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Kefir – The Probiotic Powerhouse


The number of fermented dietary supplements in the market has recently increased, owing to increased health awareness and lifestyle changes. This has put a strong focus on beneficial foods with probiotic microorganisms and functional organic substances. One such product which is finding a lot of traction is ‘Kefir’.


Probiotics are microbial cell preparations or components of microbial cells with a beneficial effect on the health of the host

Kefir is a fermented milk beverage, which comes under ‘probiotic foods’. It contains many bioactive compounds, including as many as 30 strains of good bacteria. Scientifically speaking, milk kefir contain a complex microbial symbiotic mixture. The nutritional values of kefir are due to its rich chemical composition, including minerals, sugars, carbohydrates, proteins, peptides, vitamins and fats. The fermentation process further enhances kefir’s nutritional value owing to secondary bioactive ingredients such as catechin, vanillin, ferulic acid, vitamins B1, B12, K, folic acid, calcium and amino acids, further adding to kefir’s health benefits.



Kefir is also rich in the amino acids serine, threonine, alanine, lysine, valine, isoleucine, methionine, phenylalanine and tryptophan, which play a major role in the central nervous system, improve general fitness and prolong the healthy life expectancy. It also holds the key to improving many health issues related to digestive health and immune function, owing to its antimicrobial and gastrointestinal tract effects, gut microbiota modulation and anti-diabetic effects.


In a 2015 study published in Frontiers in Microbiology, kefir was recognized as a potential source of probiotics and molecules with several healthy properties. According to this study, its biological properties suggest its use as an antioxidant, anti-tumor agent and immunomodulator, amongst other roles.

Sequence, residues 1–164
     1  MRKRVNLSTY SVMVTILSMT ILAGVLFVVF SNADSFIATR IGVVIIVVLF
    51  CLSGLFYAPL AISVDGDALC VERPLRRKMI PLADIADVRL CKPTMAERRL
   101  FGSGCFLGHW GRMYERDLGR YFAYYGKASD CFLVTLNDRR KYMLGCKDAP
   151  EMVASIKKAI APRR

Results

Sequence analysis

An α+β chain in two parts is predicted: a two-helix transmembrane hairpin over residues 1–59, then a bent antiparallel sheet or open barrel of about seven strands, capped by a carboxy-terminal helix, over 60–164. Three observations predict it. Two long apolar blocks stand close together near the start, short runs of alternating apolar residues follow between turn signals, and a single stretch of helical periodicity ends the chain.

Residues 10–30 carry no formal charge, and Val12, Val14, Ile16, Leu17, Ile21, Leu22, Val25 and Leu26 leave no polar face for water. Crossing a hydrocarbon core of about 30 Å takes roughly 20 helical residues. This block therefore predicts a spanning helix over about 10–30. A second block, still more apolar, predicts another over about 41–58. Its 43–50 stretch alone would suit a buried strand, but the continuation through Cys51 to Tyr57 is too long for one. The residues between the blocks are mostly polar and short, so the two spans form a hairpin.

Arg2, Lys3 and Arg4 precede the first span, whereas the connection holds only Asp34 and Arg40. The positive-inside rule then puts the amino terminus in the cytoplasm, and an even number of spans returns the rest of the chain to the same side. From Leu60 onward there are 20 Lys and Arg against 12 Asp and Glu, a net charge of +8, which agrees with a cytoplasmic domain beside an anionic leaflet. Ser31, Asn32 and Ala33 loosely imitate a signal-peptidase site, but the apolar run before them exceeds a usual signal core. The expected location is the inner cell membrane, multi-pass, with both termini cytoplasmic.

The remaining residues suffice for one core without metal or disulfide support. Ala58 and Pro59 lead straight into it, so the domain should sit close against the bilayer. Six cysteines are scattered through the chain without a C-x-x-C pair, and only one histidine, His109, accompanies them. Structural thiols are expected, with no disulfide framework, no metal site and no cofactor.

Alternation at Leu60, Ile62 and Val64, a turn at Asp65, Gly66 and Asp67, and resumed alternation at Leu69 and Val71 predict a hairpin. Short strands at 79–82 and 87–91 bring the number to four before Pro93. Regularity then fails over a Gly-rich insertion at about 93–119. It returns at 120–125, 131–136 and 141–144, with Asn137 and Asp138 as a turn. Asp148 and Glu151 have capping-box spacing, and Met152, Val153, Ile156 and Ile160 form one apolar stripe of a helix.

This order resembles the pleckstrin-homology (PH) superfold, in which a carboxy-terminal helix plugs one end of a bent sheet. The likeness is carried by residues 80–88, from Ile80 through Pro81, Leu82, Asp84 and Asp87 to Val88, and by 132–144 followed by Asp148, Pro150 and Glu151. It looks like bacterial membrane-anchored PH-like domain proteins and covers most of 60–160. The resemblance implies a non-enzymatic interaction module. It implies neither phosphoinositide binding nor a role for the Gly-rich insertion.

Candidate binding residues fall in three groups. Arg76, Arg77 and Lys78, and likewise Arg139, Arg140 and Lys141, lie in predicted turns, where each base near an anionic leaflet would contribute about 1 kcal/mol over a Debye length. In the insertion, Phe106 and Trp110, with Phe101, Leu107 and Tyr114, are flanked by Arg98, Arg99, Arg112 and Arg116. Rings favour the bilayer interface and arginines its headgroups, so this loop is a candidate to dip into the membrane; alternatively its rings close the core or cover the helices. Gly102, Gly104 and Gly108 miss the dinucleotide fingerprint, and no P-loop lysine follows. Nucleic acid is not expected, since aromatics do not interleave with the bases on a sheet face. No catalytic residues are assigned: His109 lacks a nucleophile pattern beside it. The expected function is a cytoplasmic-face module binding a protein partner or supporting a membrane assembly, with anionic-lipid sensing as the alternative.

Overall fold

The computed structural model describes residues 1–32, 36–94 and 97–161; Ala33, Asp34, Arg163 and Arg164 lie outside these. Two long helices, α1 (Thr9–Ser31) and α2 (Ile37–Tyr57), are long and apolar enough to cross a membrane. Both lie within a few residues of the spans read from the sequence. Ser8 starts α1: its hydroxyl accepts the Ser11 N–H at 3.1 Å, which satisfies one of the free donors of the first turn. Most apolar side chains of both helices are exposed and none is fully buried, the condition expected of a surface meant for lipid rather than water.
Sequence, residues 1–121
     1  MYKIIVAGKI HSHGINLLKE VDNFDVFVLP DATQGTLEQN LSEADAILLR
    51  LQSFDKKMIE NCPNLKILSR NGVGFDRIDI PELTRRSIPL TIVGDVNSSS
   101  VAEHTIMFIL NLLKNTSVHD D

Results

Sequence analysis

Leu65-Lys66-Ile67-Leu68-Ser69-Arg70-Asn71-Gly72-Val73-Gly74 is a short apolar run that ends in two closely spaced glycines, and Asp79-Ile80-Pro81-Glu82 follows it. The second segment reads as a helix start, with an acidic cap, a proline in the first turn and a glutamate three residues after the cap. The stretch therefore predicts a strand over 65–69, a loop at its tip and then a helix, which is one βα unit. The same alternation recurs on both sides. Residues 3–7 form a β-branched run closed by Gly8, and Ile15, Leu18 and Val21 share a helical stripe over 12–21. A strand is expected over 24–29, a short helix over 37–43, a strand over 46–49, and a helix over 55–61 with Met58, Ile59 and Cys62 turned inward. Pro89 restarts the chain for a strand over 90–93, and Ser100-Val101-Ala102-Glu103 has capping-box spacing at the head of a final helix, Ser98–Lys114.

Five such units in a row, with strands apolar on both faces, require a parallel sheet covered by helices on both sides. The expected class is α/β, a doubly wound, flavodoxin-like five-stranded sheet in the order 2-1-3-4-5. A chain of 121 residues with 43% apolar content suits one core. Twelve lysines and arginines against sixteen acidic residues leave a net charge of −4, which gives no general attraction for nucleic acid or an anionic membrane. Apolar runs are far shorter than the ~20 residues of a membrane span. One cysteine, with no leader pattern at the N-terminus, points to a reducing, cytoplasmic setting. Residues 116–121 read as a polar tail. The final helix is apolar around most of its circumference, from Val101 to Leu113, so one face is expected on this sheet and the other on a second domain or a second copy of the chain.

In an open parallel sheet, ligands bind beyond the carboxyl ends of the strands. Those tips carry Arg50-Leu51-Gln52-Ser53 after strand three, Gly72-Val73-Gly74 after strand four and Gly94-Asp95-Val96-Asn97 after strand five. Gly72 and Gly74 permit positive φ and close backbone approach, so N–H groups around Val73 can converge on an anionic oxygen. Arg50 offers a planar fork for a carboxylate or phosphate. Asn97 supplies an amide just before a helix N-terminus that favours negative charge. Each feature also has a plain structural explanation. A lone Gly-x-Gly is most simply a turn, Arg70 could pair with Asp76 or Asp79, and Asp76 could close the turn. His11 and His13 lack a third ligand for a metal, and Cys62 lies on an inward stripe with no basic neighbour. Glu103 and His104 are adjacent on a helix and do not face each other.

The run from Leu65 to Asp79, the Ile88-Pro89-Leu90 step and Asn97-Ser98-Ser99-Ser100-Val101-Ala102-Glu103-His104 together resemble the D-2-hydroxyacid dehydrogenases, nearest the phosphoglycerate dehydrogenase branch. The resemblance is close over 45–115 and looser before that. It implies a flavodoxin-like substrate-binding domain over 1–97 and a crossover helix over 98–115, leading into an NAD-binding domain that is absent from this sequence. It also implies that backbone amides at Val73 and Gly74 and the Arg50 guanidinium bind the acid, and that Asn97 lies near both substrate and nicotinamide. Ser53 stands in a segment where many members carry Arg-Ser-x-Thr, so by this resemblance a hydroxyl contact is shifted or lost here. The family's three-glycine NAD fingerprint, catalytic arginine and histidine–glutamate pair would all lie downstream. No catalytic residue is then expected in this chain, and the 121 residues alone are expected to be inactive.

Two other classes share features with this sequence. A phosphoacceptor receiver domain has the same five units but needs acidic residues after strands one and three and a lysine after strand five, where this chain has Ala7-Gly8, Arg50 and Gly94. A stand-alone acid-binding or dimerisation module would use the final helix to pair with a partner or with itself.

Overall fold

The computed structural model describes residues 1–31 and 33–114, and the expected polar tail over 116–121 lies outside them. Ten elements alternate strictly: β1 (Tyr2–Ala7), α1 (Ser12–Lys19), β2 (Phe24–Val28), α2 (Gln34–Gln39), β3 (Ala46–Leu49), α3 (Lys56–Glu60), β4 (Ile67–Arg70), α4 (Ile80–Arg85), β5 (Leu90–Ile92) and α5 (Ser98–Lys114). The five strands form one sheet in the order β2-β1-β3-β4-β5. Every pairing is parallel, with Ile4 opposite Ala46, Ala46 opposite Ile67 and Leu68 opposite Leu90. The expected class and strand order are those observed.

Kefir vs. Yogurt/Curd

Kefir and yoghurt are both probiotics and are beneficial to general health when incorporated into our diet. However when stacked against each other Kefir far out performs compared to yoghurt.


Probiotic Numbers

Yogurt contains 2-7 types of probiotics, good bacteria strains.

Kefir contains 10–34 strains of probiotics as well as numerous beneficial yeast strains.


Mode of Action

Yogurt contains transient bacteria to help clean and line the gut, giving food to the beneficial bacteria. They go in and don’t stay.

Kefir bacteria can actually attach to the walls and colonize to stay and regulate. They’re also aggressive in nature and can actually go out and attack pathogens and bad bacteria in your gut.


Ease of preparation

Yogurt cultures mostly come from thermophilic strains and need to be heated to be activated.

Kefir comes solely from mesophilic strains, which cultures at room temperature and does not require heating at all.


Health Benefits



Immune Assistance

One kefir probiotic strain in particular that’s specific to kefir alone is called Lactobacillus Kefiri, which helps defend against harmful bacteria like salmonella and E. Coli. It also contains an insoluble polysaccharide called kefiran that’s been shown to contain antimicrobial properties.